Gluch JI. As an adjunct to tooth brushing, interdental brushes (IDBs) are more effective in removing plaque as compared with brushing alone or the combination use of tooth brushing and dental floss. J Evid Based Dent Pract 2012;12:81-3.  Back to cited text no. 5
    
6.
Doshi D, Baldava P, Anup N, Sequeira PS. A comparative evaluation of self-reported oral hygiene practices among medical and engineering university students with access to health-promotive dental care. J Contemp Dent Pract 2007;8:68-75.  Back to cited text no. 6
    
7.
Imai PH, Yu X, MacDonald D. Comparison of interdental brush to dental floss for reduction of clinical parameters of periodontal disease: A systematic review. Can J Dent Hygiene 2012;46:63-78. Available from: http://www.asmi.com.au/selfcare/WHOdefinition. [Last accessed on 2012 Jan 22].  Back to cited text no. 7
    
8.
Dagli RJ, Tadakamadla S, Dhanni C, Duraiswamy P, Kulkarni S. Self reported dental health attitude and behavior of dental students in India. J Oral Sci 2008;50:267-72.  Back to cited text no. 8
    
9.
Neeraja R, Kayalvizhi G, Sangeetha P. Oral health attitudes and behavior among a group of dental students in Bangalore, India. Eur J Dent 2011;5:163-7.  Back to cited text no. 9
    
10.
Ganss C, Schlueter N, Preiss S, Klimek J. Tooth brushing habits in uninstructed adults--Frequency, technique, duration and force. Clin Oral Investig 2009;13:203-8.  Back to cited text no. 10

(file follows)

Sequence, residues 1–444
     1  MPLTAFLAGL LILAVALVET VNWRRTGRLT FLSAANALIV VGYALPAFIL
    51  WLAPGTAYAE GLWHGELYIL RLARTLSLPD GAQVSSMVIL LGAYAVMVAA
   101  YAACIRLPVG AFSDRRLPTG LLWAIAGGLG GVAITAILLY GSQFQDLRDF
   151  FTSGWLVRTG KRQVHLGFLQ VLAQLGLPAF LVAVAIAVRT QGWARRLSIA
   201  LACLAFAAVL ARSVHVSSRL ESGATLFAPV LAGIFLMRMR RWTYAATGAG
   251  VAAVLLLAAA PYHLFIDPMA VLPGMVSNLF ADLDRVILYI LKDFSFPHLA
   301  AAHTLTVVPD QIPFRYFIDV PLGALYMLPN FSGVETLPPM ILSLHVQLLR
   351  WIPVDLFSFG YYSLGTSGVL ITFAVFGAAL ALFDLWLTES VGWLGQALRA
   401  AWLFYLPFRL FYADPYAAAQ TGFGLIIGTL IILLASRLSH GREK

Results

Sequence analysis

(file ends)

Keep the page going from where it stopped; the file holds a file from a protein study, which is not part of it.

11.
Al-Omari QD, Hamasha AA. Gender-specific oral health attitudes and behavior among dental students in Jordan. J Contemp Dent Pract 2005;6:107-14.  Back to cited text no. 11
    
12.
Kawamura M, Honkala E, Widström E, Komabayashi T. Cross-cultural differences of self-reported oral health behaviour in Japanese and Finnish dental students. Int Dent J 2000;50:46-50.  Back to cited text no. 12
    
13.
Soh G. Understanding prevention of dental caries and gum disease in an Asian community. J Ir Dent Assoc 1991;37:6-9.  Back to cited text no. 13
    
14.
Newbrun E. Preventing dental caries: Breaking the chain of transmission. J Am Dent Assoc 1992;123:55-9.  Back to cited text no. 14
    
15.
Kawamura M, Spadafora A, Kim KJ, Komabayashi T. Comparison of United States and Korean dental hygiene students using the Hiroshima University-Dental Behavioural Inventory (HU-DBI). Int Dent J 2002;52:156-62.  Back to cited text no. 15
    
16.
Kawamura M, Iwamoto Y, Wright FA. A comparison of self-reported dental health attitudes and behavior between selected Japanese and Australian students. J Dent Educ 1997;61:354-60.  Back to cited text no. 16
    
17.
Halappa M, Chandu G. Evaluation of usage of interdental aids among dentists as a preventive measure. J Indian Soc Periodontol 2015;19:4.  Back to cited text no. 17
[PUBMED]  [Full text]  
18.
Al-Wahadni AM, Al-Omiri MK, Kawamura M. Differences in self-reported oral health behavior between dental students and dental technology/dental hygiene students in Jordan. J Oral Sci 2004;46:191-7.  Back to cited text no. 18
    


    Figures

  [Figure 1], [Figure 2]
 
 
    Tables

  [Table 1], [Table 2], [Table 3], [Table 4]